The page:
My old dojo was (and still is) literally on Highway 1 (known as Misson St. in Santa Cruz). My current dojo is a short ways off of Highway 9, a little mountain highway that branches off of 1 towards San Jose.

Best,

Hi Tarik,

I've just checked out exactly where you are on the map. It is just down the road from where I stayed for about a month with with some very good friends in Bonny Doon, just off of Pine Flat Rd.

I had some great time on their motorbikes around there, I remember sections of Empire Grade to this day:)

I look forward to being in that part of the world again.

cheers,

Mark

JO
08-26-2011, 08:58 PM
Good luck Mark. This is the kind of trip I would love to do if my priorities allowed.

If you make it as far north as a visit with Szczepan in Montreal, you might as well go a little further and visit us in Quebec City, very possibly the safest city anywhere (as long as you're not trying to drive through a winter snow storm).

graham christian
08-27-2011, 05:10 PM
Mark. How about some potential titles for your book? I'm sure some will have some great ideas.

Hitch-hikers guide to aiki? Well that's my effort, i'm sure there's better.

Regards.G.

Mark Freeman
08-27-2011, 06:44 PM
Mark. How about some potential titles for your book? I'm sure some will have some great ideas.

Hitch-hikers guide to aiki? Well that's my effort, i'm sure there's better.

Regards.G.

Hi Graham,

Interesting that you mention a potential book title, I like the one you suggest, as long as I don't have to hitch-hike the whole way :).

I was, only a few hours ago, sitting on a rock in a shallow stretch of the river Dart up on Dartmoor. It's an absolutely beautiful spot, both banks of the river are lined by Birch, Oak and Sycamore trees. The leaves are just starting to turn to autumn colours, a bit early in the year mind, but what does that matter.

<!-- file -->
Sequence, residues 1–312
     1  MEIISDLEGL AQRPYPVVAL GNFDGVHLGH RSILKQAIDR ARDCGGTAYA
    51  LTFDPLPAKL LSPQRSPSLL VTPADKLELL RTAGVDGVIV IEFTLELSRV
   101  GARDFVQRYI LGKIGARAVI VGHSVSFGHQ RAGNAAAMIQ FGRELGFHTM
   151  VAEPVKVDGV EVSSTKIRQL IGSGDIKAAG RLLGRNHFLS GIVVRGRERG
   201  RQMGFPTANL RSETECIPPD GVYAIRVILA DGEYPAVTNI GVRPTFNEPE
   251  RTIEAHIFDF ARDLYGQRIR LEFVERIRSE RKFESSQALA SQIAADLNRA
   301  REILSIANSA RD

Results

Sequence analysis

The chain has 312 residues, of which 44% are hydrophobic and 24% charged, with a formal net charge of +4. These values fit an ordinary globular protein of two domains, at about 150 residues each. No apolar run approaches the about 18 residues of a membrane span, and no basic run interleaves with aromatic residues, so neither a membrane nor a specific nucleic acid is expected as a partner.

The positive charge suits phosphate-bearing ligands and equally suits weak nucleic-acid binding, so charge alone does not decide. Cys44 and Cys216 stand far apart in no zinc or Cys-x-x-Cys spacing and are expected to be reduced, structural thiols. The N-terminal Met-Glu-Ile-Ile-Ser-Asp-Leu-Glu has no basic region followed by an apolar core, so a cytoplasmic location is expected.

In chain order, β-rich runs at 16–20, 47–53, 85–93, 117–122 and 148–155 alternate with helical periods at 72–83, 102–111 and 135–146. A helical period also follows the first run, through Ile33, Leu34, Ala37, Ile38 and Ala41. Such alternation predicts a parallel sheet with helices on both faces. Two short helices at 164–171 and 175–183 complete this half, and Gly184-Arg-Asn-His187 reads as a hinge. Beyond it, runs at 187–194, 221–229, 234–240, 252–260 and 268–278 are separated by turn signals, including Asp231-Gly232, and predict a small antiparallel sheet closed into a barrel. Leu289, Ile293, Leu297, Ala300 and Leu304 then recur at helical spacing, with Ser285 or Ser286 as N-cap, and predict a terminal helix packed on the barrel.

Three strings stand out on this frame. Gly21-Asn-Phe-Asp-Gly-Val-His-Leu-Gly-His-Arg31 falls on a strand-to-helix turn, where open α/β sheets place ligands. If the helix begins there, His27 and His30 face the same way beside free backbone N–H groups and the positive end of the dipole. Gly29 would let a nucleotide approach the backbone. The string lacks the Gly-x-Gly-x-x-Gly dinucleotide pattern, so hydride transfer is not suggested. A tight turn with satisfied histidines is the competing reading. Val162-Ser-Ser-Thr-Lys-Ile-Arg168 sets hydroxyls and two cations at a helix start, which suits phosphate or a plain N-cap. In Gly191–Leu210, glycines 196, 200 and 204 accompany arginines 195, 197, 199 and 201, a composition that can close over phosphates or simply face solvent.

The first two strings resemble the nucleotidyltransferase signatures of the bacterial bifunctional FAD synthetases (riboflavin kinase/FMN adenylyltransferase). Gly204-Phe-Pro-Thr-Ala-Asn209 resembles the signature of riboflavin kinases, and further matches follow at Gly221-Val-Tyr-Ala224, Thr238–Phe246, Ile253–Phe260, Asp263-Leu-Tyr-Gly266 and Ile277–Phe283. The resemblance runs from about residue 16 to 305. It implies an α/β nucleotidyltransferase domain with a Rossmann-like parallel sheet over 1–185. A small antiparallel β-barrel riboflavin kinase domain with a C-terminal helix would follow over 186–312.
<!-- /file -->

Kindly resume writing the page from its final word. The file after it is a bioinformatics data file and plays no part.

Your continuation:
I was sitting looking upstream, with the peat stained water passing by me, it was the colour of well made tea, before the milk is added.
The sound of the water is musical, there are shallow rapids and many small, round granite moss covered stones in the shallows, the different rhythmic sounds the water makes, when it flows over and around these, creates a liquid symphony.

As I sat there immersed in this lovely place, pondering the relationship between the water and the rock. I was looking at, hearing and feeling the harmony of the two different states, liquid and solid.

I have learned through practice that to achieve the mind/body state that is required for aikido to take place, one has to become like both water and like rock, 'simultaneously'. Immovable mind, non-contention, a completely relaxed body, but at the same time, solid body.

So the title that 'floated' into my mind at that point was "Like Water and Rock" - One man's journey into the world of Aikido.

I would love to take suggestions, a free signed copy, to the one that's used:cool:

What I am not clear on yet, is what form the book would take? part diary, part travelogue, part how too manual, part philosophy ? I am not sure yet. I'm not even sure if I can write it at all. It's easy to talk about writing one, it's another to actually do it.

I would be happy to take suggestions, as to what people would be interested to read and what for it should take.

regards,

Mark

graham christian
08-27-2011, 07:37 PM
Hi Mark.